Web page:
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Keywords:

  • schizophrenia;
  • first episode;
  • hospitalization;
  • antipsychotics;
  • antidepressants;
  • polypharmacy

Nielsen J, le Quach P, Emborg C, Foldager L, Correll CU. 10-Year trends in the treatment and outcomes of patients with first-episode schizophrenia.

Objective:  The first episode of schizophrenia is a critical period for illness course and outcomes. We aimed to investigate treatments and outcomes during the first year after the diagnosis of schizophrenia.

Method:  Pharmacoepidemiologic inception cohort study of all newly diagnosed patients with schizophrenia in Denmark (n = 13 600) 1996–2005.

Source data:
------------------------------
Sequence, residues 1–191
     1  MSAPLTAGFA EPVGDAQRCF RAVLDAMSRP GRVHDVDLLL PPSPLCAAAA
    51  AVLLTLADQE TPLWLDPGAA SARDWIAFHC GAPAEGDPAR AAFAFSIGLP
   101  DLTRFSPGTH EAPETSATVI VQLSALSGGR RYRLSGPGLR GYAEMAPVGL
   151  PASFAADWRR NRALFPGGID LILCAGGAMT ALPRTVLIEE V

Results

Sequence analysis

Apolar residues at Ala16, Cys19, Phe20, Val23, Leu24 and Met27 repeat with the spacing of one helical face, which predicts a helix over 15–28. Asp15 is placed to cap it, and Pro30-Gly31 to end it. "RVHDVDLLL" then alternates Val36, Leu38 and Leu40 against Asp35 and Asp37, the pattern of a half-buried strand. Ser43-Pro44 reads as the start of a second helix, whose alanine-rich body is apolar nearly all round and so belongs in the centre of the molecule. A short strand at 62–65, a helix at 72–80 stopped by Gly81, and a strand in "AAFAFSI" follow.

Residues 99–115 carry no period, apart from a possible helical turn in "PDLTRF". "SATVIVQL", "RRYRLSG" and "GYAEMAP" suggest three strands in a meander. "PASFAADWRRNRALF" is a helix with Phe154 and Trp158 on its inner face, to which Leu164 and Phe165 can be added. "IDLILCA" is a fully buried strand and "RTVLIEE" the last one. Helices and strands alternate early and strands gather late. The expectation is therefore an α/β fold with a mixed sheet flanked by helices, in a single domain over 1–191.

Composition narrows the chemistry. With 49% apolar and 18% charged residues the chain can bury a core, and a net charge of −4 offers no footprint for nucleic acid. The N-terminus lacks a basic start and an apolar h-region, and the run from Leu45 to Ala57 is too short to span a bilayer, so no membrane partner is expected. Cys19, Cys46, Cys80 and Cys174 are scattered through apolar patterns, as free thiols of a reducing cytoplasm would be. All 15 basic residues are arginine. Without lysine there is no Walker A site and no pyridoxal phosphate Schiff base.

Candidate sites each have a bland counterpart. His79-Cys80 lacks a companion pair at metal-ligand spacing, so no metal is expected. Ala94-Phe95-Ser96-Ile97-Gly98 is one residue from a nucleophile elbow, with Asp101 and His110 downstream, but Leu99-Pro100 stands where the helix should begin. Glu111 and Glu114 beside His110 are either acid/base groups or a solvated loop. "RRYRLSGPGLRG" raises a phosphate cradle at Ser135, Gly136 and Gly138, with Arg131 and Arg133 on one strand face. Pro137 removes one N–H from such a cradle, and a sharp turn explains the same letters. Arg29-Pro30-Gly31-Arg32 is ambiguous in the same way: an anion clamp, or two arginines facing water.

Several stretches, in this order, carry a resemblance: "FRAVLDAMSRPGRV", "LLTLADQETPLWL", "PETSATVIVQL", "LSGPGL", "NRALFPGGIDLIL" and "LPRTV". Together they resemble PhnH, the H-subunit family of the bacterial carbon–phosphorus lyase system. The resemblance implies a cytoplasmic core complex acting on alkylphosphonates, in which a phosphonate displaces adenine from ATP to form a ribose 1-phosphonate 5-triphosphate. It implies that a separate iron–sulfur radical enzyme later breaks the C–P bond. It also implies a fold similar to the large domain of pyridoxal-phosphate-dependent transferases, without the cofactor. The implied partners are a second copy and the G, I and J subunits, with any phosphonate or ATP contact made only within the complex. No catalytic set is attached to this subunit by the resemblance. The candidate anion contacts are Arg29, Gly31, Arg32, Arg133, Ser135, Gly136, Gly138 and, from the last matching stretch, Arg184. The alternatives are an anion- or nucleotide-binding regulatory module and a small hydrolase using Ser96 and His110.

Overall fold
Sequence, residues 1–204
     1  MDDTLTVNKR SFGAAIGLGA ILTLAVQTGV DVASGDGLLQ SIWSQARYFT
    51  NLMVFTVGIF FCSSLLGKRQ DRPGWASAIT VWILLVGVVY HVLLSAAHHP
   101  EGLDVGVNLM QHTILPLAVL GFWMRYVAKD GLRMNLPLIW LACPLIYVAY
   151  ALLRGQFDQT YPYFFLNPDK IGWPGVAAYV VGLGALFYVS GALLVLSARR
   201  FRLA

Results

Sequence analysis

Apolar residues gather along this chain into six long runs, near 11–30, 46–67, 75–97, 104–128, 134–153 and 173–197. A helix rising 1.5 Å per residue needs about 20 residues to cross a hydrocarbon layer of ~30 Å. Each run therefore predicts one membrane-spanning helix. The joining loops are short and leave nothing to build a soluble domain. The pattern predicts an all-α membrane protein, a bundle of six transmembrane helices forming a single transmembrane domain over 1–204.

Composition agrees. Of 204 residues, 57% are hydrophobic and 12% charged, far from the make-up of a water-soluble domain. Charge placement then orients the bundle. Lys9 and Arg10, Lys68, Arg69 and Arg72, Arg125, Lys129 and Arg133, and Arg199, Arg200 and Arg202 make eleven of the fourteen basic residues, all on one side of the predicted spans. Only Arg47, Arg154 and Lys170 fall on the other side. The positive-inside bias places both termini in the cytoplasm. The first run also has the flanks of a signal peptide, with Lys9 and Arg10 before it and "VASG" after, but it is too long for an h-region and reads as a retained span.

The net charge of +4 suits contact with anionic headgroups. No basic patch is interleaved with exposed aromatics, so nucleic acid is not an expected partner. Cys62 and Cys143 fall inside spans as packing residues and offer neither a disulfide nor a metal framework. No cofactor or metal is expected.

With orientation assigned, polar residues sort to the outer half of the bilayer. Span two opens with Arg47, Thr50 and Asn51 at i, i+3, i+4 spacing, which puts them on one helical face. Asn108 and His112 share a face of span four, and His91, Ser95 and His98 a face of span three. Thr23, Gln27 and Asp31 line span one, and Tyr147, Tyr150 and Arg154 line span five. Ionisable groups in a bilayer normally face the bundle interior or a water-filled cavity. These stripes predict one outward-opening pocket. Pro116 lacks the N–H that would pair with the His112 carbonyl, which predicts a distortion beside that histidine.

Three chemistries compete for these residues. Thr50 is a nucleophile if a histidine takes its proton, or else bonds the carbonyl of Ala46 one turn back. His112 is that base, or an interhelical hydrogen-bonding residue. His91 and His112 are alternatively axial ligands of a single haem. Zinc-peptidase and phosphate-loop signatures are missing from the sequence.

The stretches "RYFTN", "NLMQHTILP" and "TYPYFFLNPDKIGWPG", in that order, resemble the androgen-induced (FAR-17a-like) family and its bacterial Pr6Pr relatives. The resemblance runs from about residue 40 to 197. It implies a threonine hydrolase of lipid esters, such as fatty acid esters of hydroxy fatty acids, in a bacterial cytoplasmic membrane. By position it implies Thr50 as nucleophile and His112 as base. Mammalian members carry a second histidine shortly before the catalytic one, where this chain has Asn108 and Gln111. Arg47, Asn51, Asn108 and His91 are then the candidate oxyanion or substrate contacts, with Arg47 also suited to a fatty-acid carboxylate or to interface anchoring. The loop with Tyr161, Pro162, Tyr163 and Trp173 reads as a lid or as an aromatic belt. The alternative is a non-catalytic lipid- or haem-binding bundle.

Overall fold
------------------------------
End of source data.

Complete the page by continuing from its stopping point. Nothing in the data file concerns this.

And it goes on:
Results:  From 1996 to 2005, the mean age at first diagnosis decreased significantly (29.2–26.1 years), more patients received antipsychotics (67.2–80.7%, annual OR = 1.07, CI: 1.06–1.09, P < 0.001) and antipsychotic polypharmacy for >4 months (16.7–37.1%, OR = 1.14, CI: 1.12–1.57, P < 0.001). The antipsychotic defined daily dosage (DDD) doubled (150–332 DDD, P < 0.001), use of antidepressants (24.3–40.6%, P < 0.001). Bed days [89.9 days (CI: 81.8–98.8) to 71.8 days, CI: 63.7–80.8, P < 0.0001] decreased, whereas outpatient contacts [10.2 (CI: 9.5–11.0) to 21.4 (CI: 19.9–21.0), P < 0.0001] doubled.

Conclusion:  Between 1996 and 2005, there was an earlier recognition of schizophrenia, intensified outpatient treatment, increased use and dosing of antipsychotics and antidepressants, but also more antipsychotic polypharmacy.